Federal Regulators Deny Complaint over Glut in Southeastern Electric Supply – Without Denying the Excess Supply Exists
“Regulatory Contortion” allows Duke Energy, others to keep gouging customers by building power plants instead of sharing regional resources as the regulators have urged
Statement by Director Jim Warren:
DURHAM, NC – Despite huge amounts of excess power generation capacity on hand now and for decades to come – and dozens of large power plants sitting idle most of the year – protected monopoly utilities across the southeast keep building more plants instead of buying power from each other as federal regulators have urged.
Today those regulators denied a complaint by watchdog group NC WARN without contesting the federal data we used to show gross oversupply across the Southeast.
In a classic Catch-22, the Federal Energy Regulatory Commission (FERC) denied our request for an independent study into how many billions could be saved annually if southeastern utilities begin sharing power supply through regional cooperation, as FERC has pressed for. FERC says we didn’t supply enough data to argue for the study, even though that very study is the only path to get all of the data on the table.
FERC is practicing regulatory contortion.
NC WARN cited utility and federal data showing that southeastern utilities maintain power plant capacities ranging from 24 to 37 percent above the highest usage of the year. Those reserves are over twice as high as the industry standard of 14-15 percent, and for all but the very hottest and coldest months, excess capacity goes far higher in the Southeast.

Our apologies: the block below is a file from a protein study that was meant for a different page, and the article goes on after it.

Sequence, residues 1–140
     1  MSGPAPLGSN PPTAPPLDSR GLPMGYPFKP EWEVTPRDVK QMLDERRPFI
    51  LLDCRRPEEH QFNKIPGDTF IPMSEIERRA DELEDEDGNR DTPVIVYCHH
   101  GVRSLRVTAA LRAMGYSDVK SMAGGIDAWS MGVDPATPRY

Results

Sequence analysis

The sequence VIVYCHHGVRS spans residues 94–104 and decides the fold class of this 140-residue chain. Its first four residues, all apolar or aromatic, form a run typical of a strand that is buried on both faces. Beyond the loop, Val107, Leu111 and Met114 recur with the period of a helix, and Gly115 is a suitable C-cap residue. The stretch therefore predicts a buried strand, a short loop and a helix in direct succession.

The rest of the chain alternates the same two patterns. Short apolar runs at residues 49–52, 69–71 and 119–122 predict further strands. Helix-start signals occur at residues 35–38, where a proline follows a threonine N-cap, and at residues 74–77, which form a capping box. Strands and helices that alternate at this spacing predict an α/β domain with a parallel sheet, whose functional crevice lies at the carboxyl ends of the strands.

Again, the federal data we DID supply showing gross overcapacity across the region was not contested. Nor did Duke Energy provide any evidence to counter those numbers.
A recent study showed that regional sharing of resources would save customers $1.4 billion over ten years in the deep south region.
The regulators admit that they urge utilities to share resources and that they have jurisdiction to require them to do so.
But they claim they want to continue relying on voluntary regional cooperation instead of acting to protect electricity customers. These monopoly utilities who largely control their state rate-making commissions will continue price gouging in the short and long term.
We are considering additional steps to pursue this issue.